Monday, May 13, 2013

The price of ‘corrugance’

The price of ‘corrugance’
M.J. Akbar

Someone described BJP’s drubbing in Karnataka as an innings defeat. This is true as far as it goes, but it doesn’t go far enough. The game has changed.An election used to be a test match. It is now a protest match. 

The fulcrum of this anger is corruption. All else pales. Shed a tear then for poor Suraj Singh Thakur, Mumbai president of the Congress student organization NSUI, who was suspended merely for dancing drunk and naked late into the night, encouraged by the throb of a DJ’s beat at the end of a strenuous three-day conference on ways and means to save the nation. All that Thakur did was dance, albeit drunk and nude in equal proportions. Alcohol is no longer a hanging offence in Congress. For many future stars rotating in the highest orbits, Congress is now a party that begins at sunset. 

Thakur must be bewildered at the Congress definition of crime and punishment. He sees half the Congress Cabinet caught with its pants down, exposed by CAG, CBI, a vigilant Haryana bureaucrat, or indeed the Italian police chasing bribes to Indian politicians in a helicopter deal with more zeal than any Indian policemen has displayed, and sees evasion to protect the mighty. Law minister Ashwani Kumar, who perverted the CBI investigation into the coal mines scam and subverted evidence submitted to the Supreme Court, is forced to resign with the greatest reluctance. Kumar was trying to erase the trail to the Prime Minister Dr Manmohan Singh, the very summit of government, and the government is still in place. It is not until tapes surface of railway minister Pawan Bansal incriminating himself with astonishing abandon that he is forced to quit. Poor Thakur must be wondering, in his few sober moments, whether there is any justice in politics. 

Actually, there isn’t. But there is justice in an election. Statutory warning to all ministers, prime or lower down: voters do not punish young men drunk on student spirits. Voters punish older men drunk with power. The story from Karnataka is of a Congress victory. The moral of this story lies in BJP’s defeat. The humiliation of the party’s former peacock, the chief minister who triggered a selfdestructive avalanche, B.S. Yeddyurappa, is particularly instructive. He imagined he was going to become CM again. He has many years of contemplation ahead. 

He was trapped in a suicidal pincer of corruption and arrogance. The syndrome is so widespread, across party lines, that we might need a word for it: “corrugance” would do. More names keep getting added to a long list: Bansal and Kumar are only the newest. Corruption kills; arrogance insures a long burial. This was fatal to BJP in Karnataka; it will be deadly for UPA across India when a general election comes. The voter is especially unforgiving when governments permit theft of natural resources, the people’s wealth, by cronies. The BJP’s collapse began with the rape of mines in Bellary.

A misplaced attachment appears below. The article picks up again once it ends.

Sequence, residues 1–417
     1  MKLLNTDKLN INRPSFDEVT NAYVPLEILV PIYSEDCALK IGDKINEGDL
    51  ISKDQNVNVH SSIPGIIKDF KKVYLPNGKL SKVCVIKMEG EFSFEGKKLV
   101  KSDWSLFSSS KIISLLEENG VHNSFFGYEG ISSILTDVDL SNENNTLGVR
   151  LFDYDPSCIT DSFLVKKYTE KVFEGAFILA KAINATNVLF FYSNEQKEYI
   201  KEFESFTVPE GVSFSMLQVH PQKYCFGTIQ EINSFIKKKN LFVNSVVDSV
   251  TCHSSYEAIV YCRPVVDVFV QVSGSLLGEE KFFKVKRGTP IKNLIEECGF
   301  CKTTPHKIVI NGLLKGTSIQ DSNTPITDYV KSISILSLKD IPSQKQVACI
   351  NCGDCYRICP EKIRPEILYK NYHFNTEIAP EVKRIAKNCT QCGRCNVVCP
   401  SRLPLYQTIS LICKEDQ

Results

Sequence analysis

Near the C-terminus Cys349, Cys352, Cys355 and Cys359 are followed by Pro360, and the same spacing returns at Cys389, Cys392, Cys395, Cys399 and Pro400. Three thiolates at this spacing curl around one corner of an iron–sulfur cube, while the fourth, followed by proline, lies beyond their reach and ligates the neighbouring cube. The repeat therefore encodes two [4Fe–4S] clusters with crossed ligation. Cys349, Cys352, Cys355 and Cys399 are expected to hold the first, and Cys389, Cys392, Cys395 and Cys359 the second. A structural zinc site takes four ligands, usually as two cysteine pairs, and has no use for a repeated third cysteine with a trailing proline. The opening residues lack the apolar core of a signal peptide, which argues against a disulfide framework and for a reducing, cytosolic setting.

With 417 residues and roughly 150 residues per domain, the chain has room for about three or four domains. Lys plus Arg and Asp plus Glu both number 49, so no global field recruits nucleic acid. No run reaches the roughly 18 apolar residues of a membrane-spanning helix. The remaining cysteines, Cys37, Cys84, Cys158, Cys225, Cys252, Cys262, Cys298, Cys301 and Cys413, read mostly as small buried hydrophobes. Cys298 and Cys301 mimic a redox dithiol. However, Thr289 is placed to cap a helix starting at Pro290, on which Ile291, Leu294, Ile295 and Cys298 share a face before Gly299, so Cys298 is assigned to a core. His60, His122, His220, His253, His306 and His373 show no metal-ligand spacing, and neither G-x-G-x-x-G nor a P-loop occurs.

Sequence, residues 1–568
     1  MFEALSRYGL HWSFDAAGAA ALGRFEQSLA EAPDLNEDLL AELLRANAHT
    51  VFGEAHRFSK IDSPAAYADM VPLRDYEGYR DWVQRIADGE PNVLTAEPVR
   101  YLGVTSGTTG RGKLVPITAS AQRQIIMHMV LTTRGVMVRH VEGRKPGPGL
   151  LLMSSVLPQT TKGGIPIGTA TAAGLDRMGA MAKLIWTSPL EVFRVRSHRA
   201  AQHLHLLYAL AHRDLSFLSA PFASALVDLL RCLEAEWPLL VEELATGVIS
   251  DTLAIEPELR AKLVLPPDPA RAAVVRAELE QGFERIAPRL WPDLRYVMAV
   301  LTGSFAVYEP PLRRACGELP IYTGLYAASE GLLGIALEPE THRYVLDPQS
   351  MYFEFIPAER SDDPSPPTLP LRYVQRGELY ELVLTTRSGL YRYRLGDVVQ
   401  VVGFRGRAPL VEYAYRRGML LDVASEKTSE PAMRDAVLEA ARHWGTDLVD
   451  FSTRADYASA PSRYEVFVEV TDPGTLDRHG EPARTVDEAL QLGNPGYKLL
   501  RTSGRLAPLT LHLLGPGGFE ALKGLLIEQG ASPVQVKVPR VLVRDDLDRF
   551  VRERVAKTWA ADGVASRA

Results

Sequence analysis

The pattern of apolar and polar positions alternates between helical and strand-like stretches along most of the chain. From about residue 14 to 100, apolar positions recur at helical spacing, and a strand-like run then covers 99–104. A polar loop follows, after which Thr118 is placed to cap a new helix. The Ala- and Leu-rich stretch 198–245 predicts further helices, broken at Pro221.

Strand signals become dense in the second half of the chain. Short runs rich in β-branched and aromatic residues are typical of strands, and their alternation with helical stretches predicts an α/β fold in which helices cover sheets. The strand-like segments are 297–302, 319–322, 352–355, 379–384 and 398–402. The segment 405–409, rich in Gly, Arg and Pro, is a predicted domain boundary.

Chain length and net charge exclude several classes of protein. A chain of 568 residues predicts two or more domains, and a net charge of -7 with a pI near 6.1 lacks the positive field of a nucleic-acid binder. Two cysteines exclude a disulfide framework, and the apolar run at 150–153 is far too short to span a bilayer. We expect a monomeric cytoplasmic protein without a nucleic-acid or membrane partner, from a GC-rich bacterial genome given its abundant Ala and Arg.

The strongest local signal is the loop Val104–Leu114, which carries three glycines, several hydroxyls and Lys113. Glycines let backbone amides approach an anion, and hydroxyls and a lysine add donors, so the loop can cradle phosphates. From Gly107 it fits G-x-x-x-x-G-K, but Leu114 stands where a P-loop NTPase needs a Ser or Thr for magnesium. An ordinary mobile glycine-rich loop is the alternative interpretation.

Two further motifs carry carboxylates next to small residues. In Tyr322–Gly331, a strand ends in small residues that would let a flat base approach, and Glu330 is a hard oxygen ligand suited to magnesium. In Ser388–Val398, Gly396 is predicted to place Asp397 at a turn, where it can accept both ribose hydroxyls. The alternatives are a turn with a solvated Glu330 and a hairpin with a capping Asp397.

It was an early scandal of the BJP’s tenure, but people did not forget, just as voters will remember a long UPA litany . UPA sanctioned loot of resources on an unprecedented scale: in spectrum, mines, or agricultural land gobbled up through shady private deals. The BJP lost the confidence of Karnataka long before it was whittled into a minority in the legislature. Ditto, UPA in Delhi. His personal credibility is shattered, his government’s reputation is an embarrassment, his party has become a national joke, but Dr Singh continues, primly, in office, hoping for a chance reversal of fortune through a spin of cosmic lottery. But there are no miracles left in God’s cupboard for the corrupt. 

The Indian voter has more patience than the Indian temperament would suggest. Even a fog at the top will not deter the voter from locating his destination. The Congress did not have a candidate for Chief Minister in Karnataka during the campaign. It did not matter beyond a point. It will not matter beyond the same point when India votes. The Congress vote in Karnataka did not rise by much; the BJP vote collapsed. 

Across the country, the BJP is rising only marginally, but Congress is falling with a thud. Mrs Sonia Gandhi and Dr Singh have an additional problem. In Karnataka BJP operated from ground level, full of the usual slosh and pitfalls. Dr Singh and Mrs Gandhi opted for the moral high ground of saints. A fall from such heights is that much more shattering. Dr Singh, after claiming honesty as a first principle, permitted corruption in order to sit in the PM’s chair. This is betrayal, too. His ebbing admirers want him to resign. He believes he can squeeze out a few more months of power through sustained indifference. 

The Congress is lost in the debris of a vote factory built on sand. UPA is dead. India needs another government, born through the labour of an election, immediately.

1 comment:

raviVchhabra {rVc} said...

It is always a delight to read MJ's fine writing. I remain his admirer ever more.